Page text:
National Fisherman

Despite a pool of more than $75 million in federal appropriations for fisheries disaster relief from Hurricane Sandy and other storm damage, at only $1.5 million, New Jersey has received a pittance compared with other regions, according to state legislators and anglers associations.
Marine industry losses in both commercial and recreational fishing because of Sandy have been estimated at $121 million in New Jersey and $77 million in New York state. The two states have been told to split $3 million being allocated by the National Oceanic and Atmospheric Administration Fisheries Service for the recovery, officials said.
NOAA has not indicated how funding disbursements were determined.
But one of the six places NOAA is distributing money for declared disasters in 2012 and 2013, Alaska - removed by 4,600 miles from where Sandy made landfall in Brigantine, N.J. on Oct. 29, 2012 - will receive $21 million of the funds for issues with its salmon fisheries. States in New England directly impacted by Sandy - Maine, Massachusetts, New Hampshire and Rhode Island - will receive the largest share, $33 million, for depleted fish stocks.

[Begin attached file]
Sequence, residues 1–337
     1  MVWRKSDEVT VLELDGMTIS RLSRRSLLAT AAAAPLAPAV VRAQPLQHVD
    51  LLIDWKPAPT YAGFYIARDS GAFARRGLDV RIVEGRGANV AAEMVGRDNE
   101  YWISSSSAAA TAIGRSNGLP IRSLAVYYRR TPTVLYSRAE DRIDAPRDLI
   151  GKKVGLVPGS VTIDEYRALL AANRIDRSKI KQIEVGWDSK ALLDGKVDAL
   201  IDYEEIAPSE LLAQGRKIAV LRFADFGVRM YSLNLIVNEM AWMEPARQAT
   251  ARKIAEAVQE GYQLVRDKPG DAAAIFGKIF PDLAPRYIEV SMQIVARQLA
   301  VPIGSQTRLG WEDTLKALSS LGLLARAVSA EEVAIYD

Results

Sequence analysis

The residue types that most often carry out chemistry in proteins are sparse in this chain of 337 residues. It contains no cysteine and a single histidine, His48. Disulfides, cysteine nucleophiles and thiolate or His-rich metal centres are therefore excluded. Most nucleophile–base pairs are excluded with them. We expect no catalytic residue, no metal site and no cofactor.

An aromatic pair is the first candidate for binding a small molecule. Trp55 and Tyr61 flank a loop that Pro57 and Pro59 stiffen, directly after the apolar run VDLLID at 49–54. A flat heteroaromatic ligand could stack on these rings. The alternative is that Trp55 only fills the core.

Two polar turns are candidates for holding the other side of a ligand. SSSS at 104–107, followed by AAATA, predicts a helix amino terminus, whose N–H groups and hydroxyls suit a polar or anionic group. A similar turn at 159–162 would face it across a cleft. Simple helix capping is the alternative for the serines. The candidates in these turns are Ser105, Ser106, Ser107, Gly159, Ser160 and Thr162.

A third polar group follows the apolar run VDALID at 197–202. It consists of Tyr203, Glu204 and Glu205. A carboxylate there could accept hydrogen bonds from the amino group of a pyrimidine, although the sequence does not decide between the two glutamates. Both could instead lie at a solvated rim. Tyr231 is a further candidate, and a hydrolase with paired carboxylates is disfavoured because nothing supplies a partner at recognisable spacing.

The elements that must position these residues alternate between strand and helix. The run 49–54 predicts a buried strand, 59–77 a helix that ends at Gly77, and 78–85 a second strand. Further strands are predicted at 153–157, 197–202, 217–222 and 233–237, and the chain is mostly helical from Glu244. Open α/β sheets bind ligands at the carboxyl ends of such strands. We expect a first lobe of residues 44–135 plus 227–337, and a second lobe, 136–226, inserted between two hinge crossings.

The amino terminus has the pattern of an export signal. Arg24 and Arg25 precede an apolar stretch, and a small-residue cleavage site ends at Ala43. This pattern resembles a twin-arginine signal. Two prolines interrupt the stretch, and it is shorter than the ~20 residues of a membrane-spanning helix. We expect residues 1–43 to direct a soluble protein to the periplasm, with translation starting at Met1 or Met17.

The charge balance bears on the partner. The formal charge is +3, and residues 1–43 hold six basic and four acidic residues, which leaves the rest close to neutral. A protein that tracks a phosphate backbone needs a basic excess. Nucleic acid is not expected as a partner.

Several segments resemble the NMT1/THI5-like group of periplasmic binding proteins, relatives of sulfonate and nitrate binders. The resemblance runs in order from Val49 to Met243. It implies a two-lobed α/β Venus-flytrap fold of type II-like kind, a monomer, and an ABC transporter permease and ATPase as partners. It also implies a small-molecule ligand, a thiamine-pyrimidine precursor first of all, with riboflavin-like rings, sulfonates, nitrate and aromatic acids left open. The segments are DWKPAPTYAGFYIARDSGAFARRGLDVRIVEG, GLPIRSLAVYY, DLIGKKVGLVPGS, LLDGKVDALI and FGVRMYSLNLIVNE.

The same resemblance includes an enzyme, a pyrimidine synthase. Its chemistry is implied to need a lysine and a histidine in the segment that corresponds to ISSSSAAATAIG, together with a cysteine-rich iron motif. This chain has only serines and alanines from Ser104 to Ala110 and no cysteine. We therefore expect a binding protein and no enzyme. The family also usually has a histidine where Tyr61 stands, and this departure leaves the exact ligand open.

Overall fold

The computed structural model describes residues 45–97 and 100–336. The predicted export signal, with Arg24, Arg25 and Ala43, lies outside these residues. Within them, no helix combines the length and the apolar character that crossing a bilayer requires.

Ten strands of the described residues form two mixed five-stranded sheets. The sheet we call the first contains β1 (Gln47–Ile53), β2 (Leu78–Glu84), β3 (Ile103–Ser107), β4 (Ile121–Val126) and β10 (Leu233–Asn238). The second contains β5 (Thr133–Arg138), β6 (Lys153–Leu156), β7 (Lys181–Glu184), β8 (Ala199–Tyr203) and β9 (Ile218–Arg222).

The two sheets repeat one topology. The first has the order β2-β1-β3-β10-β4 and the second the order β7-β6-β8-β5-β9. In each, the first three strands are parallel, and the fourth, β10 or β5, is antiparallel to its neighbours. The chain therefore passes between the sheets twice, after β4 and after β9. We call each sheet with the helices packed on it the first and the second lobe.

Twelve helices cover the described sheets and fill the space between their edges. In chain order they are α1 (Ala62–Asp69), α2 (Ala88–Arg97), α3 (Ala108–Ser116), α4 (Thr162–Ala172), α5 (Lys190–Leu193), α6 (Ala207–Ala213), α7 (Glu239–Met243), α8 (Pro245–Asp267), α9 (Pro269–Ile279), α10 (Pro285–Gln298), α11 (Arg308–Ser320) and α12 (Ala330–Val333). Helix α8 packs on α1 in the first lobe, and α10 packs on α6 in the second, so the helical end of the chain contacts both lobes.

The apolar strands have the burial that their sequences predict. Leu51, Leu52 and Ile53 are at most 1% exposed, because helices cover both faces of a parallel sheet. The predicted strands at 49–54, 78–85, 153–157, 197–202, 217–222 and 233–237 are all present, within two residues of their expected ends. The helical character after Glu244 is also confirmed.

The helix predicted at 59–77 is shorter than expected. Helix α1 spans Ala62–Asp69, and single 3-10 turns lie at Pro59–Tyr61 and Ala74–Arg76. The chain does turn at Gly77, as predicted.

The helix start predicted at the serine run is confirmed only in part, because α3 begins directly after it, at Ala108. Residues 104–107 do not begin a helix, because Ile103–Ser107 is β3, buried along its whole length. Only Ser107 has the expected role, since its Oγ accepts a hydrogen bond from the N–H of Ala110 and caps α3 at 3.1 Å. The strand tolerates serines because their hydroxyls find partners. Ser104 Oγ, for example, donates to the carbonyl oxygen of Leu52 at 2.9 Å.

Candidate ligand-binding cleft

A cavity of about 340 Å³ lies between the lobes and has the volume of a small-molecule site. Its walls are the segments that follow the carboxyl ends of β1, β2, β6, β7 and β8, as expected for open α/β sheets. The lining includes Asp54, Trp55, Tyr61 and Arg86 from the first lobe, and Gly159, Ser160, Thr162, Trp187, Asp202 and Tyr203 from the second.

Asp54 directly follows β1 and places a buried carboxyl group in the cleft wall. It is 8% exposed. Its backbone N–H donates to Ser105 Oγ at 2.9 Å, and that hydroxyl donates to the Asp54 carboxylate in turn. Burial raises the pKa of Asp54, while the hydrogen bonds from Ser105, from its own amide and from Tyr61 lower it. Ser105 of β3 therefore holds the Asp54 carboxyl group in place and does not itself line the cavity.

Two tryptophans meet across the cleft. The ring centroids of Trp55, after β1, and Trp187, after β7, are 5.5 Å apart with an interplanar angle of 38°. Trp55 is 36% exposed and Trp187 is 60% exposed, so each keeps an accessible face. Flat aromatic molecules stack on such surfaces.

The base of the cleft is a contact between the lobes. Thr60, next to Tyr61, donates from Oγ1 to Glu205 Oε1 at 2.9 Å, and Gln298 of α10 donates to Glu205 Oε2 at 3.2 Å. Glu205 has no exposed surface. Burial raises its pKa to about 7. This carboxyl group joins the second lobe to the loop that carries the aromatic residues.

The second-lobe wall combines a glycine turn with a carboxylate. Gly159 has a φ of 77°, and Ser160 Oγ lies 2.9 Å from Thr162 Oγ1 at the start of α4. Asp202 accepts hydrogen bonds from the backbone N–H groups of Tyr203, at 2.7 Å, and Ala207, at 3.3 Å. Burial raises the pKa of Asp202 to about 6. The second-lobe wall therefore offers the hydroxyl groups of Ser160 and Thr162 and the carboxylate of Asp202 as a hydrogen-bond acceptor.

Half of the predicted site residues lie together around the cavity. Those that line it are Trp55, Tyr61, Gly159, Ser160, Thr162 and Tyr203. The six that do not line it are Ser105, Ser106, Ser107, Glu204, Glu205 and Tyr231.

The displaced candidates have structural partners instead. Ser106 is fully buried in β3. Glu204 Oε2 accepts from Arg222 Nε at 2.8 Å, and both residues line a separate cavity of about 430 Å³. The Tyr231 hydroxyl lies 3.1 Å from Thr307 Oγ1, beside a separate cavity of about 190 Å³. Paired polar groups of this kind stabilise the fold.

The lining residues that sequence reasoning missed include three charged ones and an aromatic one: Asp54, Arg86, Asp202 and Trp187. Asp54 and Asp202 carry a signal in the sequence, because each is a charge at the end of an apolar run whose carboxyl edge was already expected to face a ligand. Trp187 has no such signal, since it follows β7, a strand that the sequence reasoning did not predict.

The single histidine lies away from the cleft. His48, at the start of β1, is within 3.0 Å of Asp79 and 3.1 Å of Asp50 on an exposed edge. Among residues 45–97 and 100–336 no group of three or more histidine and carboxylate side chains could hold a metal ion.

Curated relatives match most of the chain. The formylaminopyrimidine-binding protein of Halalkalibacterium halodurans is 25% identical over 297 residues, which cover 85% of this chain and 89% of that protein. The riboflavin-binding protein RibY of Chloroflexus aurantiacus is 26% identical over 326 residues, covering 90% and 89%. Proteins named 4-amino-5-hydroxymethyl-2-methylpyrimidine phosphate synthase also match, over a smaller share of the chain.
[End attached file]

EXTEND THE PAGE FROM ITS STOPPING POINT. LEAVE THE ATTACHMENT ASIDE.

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Inside the Industry

NMFS has awarded 16 grants totaling more than $2.5 million as part of its Bycatch Reduction Engineering Program.

The program supports the development of technological solutions and changes in fishing practices designed to minimize bycatch and aims to to find creative approaches and strategies for reducing bycatch, seabird interactions, and post-release mortality in federally managed fisheries.


Abe Williams, who was elected to the Bristol Bay Regional Seafood Development Association board last spring, has been selected as the new president as of September.

Williams fishes the F/V Crimson Fury, and is president of Nuna Resources, a nonprofit that supports sustainable resource development in rural Alaska, including fighting for an international solution to issues raised by the proposed Pebble Mine project.

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